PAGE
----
How to use SQLite with Stardog

Created by Steve Place, Modified on Fri, Mar 3, 2023 at 9:39 AM by Steve Place

Why use SQLite?

  1. SQLite's footprint is very small. This is great for development and creating demos, as it will not kill your laptop.
  2. It's easy to use.
  3. It has a CLI.
  4. It's scriptable, which makes starting a project from a CSV file a breeze.
Note: While SQLite is easy to use and convenient, it is not officially supported by Stardog and thus is not recommended for production!

How to install SQLite on your machine


OSX already comes with SQLite installed. However, if you want to have a more up-to-date version, run: 

brew install sqlite3


Debian-based systems:

apt-get install sqlite3

RPM-based systems:
yum install sqlite

Installing the JDBC driver to Stardog

Go to the sqlite-jdbc release page, scroll down to "Assets", and download the the jar file. The file name will be something like sqlite-jdbc-X.XX.X.X.jar.

Run the following commands:

cp sqlite-jdbc-X.XX.X.X.jar $STARDOG_EXT. #adjust version

Restart your Stardog server. 

If you are using a docker install, you will need to adjust the start command slightly:

docker run -it -e STARDOG_EXT="/var/opt/stardog/lib" -v $STARDOG_HOME:/var/opt/stardog -p 5820:5820 stardog/stardog

Using SMS2

Now you can create a mapping file that uses SQLite just like you would any other database. This requires a property file. Here is what we recommend:


  • For the jdbc.url, you can use a relative path, which would look for the database in STARDOG_HOME. We recommend using the absolute path to be explicit about where the database is located.
  • jdbc.username and jdbc.password can be blank, but they must be in the properties file.
  • jdbc.driver must be org.sqlite.JDBC.
  • sql.default.schema=main and sql.skip.validation=true are required.
Note: putting the database file in STARDOG_HOME is simply a recommendation, but it does make life easier.

There is no official sql.dialect, so you may adjust it based on your need. This table tracks dialects and their features:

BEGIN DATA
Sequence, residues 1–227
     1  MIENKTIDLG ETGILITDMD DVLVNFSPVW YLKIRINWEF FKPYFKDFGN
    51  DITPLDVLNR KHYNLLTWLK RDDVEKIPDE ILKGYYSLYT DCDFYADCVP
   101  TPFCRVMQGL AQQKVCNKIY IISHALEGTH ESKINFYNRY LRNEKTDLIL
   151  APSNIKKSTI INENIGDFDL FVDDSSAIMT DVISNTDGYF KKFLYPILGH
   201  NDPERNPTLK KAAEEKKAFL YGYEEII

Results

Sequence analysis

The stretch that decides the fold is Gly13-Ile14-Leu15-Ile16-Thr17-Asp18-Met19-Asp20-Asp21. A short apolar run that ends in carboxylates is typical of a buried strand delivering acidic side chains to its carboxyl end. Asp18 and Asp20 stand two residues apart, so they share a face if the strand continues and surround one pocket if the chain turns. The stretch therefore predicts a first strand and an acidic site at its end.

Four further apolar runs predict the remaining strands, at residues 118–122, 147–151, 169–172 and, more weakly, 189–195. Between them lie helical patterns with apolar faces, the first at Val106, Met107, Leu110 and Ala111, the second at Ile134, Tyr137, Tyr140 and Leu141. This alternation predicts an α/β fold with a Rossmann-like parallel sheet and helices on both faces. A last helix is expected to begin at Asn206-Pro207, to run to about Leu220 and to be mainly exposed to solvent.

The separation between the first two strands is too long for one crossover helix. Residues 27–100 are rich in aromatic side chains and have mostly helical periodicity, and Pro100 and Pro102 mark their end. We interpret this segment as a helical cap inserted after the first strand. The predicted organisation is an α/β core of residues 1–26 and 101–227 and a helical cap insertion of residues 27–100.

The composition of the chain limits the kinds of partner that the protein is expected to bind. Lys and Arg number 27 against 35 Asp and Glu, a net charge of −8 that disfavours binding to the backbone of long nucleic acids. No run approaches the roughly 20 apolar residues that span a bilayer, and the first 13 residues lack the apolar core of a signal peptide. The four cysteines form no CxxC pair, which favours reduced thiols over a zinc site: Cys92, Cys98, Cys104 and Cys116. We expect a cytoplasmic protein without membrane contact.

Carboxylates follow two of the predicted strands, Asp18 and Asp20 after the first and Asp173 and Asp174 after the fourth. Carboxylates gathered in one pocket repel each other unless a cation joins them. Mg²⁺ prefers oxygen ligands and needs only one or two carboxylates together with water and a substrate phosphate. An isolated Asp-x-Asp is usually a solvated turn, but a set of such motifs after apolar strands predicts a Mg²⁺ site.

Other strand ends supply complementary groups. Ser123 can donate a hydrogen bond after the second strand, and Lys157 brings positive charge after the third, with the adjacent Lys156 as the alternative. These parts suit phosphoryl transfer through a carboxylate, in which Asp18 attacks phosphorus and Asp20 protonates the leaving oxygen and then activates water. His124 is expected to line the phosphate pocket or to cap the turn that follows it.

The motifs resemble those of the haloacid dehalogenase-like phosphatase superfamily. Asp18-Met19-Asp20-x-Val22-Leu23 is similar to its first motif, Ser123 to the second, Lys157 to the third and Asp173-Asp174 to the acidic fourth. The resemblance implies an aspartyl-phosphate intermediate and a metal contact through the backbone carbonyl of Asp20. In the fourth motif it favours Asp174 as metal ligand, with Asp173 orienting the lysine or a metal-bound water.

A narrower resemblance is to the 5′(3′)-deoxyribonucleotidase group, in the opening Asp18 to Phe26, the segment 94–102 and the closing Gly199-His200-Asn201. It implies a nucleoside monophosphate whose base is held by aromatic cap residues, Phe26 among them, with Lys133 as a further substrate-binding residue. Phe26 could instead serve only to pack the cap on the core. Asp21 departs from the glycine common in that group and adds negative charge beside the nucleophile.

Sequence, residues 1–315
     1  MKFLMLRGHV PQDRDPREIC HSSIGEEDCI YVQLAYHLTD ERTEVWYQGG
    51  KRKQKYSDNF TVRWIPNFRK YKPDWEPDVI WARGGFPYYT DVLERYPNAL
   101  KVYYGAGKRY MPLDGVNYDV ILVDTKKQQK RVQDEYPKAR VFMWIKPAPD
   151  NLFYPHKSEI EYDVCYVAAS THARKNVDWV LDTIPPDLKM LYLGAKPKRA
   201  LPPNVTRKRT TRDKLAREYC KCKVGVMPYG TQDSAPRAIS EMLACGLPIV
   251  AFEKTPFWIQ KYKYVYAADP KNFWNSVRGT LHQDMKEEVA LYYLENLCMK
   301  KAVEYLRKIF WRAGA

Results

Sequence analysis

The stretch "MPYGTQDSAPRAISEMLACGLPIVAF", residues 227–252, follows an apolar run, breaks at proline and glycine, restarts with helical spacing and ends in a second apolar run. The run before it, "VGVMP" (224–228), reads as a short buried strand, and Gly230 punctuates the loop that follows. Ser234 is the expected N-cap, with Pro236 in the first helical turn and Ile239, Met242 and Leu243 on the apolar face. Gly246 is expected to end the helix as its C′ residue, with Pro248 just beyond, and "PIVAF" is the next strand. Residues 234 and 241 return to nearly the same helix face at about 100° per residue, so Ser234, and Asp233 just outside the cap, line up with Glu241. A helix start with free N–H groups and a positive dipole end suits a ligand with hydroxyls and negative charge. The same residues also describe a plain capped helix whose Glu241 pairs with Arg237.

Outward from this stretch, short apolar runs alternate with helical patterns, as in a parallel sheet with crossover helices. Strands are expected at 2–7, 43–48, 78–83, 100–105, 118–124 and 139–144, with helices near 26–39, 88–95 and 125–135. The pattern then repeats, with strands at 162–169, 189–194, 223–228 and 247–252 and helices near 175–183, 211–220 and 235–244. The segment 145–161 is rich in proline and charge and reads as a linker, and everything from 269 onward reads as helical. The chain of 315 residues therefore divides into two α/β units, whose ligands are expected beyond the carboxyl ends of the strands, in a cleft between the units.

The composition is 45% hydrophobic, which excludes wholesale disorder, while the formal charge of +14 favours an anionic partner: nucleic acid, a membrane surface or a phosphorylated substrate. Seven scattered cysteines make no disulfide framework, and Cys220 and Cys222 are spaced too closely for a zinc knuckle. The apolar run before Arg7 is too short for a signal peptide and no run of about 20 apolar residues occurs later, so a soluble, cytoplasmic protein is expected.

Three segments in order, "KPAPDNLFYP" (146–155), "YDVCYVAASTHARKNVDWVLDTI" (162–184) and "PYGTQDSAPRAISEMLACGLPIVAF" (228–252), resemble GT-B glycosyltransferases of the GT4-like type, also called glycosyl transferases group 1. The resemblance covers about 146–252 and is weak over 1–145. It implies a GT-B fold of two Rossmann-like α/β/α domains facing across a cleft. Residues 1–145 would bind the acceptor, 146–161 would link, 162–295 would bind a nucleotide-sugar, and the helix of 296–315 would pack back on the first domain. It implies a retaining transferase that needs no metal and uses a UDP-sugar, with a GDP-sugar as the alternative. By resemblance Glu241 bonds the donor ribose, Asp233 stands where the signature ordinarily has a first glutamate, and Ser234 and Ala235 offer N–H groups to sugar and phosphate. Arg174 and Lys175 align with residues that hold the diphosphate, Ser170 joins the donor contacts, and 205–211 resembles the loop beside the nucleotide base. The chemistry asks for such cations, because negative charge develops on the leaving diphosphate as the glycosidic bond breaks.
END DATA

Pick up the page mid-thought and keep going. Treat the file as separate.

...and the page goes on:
DialectLIMITCONCATNeeds Quotes?
  • To use stardog-admin virtual add with SQLite, the dialect you choose must have yes in the LIMIT column.
  • To use SQLite's concat feature (i.e., field1 || ' ' || field2) there must be a yes in the CONCAT column.
  • The quote column shows if quoting is necessary for column or table names.
  • Our recommendation is to use PostgreSQL.

Example of usage

Manipulating CSV

In general, SMS2 support for CSV is very easy to use. However, sometimes you are given many CSV files, and you need to filter the data you're loading. One solution could be to load all the data in Stardog in a staging area, drop the data that's not wanted, and move it to your desired area.

The problem is the logic of transforming/dropping the data exists in two locations. Enter SQLite. Loading CSV files is very easy - you can do it via the CLI:

sqlite>.import ~/file.csv cities

or use SQLite Studio IDE,

or script it:

(echo .separator ,; echo .import file1.csv table1) | sqlite3 database.db
(echo .separator ,; echo .import file2.csv table2) | sqlite3 database.db
(echo .separator ,; echo .import file3.csv table3) | sqlite3 database.db
(echo .separator ,; echo .import file4.csv table4) | sqlite3 database.db

Remember to copy the database file into your STARDOG_HOME directory.

Now you have a self-contained SQL database. In the SMS file you can use SQL to select the data you want. You also have access to some transform functions. For example, the CONCAT function works for CSV files in the SMS2 mapping file, but it will not work with SQL.

Once you've tested your query, you can import the data like this:
stardog-admin virtual import example ex4.sms

Now you have all your data logic around loading the CSV file encapsulated in one location, your SMS file. 

Here is an example:

prefix ex: <>
prefix vcard: <>
prefix owl: <>

  first_name || ' ' || last_name AS FullName,
  CASE s.statusCode WHEN 1 THEN 'Full Time' ELSE 'Consultant' END Type,
  FROM employee e
  INNER JOIN status s
  ON = s.customer_id
  WHERE s.statusCode != 0
TO {
  ?Employee a ex:Employee;
  ex:employeeId ?employeeId;
  ex:type ?Type;
  ex:fullName ?FullName;
  ex:givenName ?fist_name;
  ex:familyName ?last_name;
  ex:email ?email;
  BIND(template("{id}") AS ?Employee )

Looking at the mapping file, we can see all the mappings, transforms, and filters that were performed on the CSV dataset, as if we had performed these operations over a relational database.

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